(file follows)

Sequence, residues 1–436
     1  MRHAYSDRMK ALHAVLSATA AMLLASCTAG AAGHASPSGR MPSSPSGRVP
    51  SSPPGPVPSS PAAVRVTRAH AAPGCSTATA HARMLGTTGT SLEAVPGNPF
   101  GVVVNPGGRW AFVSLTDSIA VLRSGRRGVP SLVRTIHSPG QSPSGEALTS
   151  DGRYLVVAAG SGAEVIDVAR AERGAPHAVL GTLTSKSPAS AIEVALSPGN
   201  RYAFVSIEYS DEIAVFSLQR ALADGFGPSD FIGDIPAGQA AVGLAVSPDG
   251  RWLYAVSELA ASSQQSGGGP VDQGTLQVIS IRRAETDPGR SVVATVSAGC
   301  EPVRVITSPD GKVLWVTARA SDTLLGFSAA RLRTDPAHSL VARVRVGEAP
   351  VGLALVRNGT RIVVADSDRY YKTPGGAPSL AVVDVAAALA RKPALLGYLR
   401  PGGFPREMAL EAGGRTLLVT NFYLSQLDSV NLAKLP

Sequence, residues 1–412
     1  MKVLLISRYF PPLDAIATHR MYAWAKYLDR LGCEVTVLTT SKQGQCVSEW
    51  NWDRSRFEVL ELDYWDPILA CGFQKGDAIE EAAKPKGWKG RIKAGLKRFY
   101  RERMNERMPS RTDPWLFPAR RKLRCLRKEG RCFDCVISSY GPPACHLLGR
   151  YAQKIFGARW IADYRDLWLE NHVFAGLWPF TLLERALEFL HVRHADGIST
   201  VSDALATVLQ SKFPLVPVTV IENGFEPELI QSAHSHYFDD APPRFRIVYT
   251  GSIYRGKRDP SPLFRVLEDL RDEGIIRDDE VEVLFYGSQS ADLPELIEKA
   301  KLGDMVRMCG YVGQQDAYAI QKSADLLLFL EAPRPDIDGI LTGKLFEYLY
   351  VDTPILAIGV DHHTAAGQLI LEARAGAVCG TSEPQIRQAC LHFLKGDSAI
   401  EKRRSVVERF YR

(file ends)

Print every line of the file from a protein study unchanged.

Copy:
Sequence, residues 1–436
     1  MRHAYSDRMK ALHAVLSATA AMLLASCTAG AAGHASPSGR MPSSPSGRVP
    51  SSPPGPVPSS PAAVRVTRAH AAPGCSTATA HARMLGTTGT SLEAVPGNPF
   101  GVVVNPGGRW AFVSLTDSIA VLRSGRRGVP SLVRTIHSPG QSPSGEALTS
   151  DGRYLVVAAG SGAEVIDVAR AERGAPHAVL GTLTSKSPAS AIEVALSPGN
   201  RYAFVSIEYS DEIAVFSLQR ALADGFGPSD FIGDIPAGQA AVGLAVSPDG
   251  RWLYAVSELA ASSQQSGGGP VDQGTLQVIS IRRAETDPGR SVVATVSAGC
   301  EPVRVITSPD GKVLWVTARA SDTLLGFSAA RLRTDPAHSL VARVRVGEAP
   351  VGLALVRNGT RIVVADSDRY YKTPGGAPSL AVVDVAAALA RKPALLGYLR
   401  PGGFPREMAL EAGGRTLLVT NFYLSQLDSV NLAKLP

Sequence, residues 1–412
     1  MKVLLISRYF PPLDAIATHR MYAWAKYLDR LGCEVTVLTT SKQGQCVSEW
    51  NWDRSRFEVL ELDYWDPILA CGFQKGDAIE EAAKPKGWKG RIKAGLKRFY
   101  RERMNERMPS RTDPWLFPAR RKLRCLRKEG RCFDCVISSY GPPACHLLGR
   151  YAQKIFGARW IADYRDLWLE NHVFAGLWPF TLLERALEFL HVRHADGIST
   201  VSDALATVLQ SKFPLVPVTV IENGFEPELI QSAHSHYFDD APPRFRIVYT
   251  GSIYRGKRDP SPLFRVLEDL RDEGIIRDDE VEVLFYGSQS ADLPELIEKA
   301  KLGDMVRMCG YVGQQDAYAI QKSADLLLFL EAPRPDIDGI LTGKLFEYLY
   351  VDTPILAIGV DHHTAAGQLI LEARAGAVCG TSEPQIRQAC LHFLKGDSAI
   401  EKRRSVVERF YR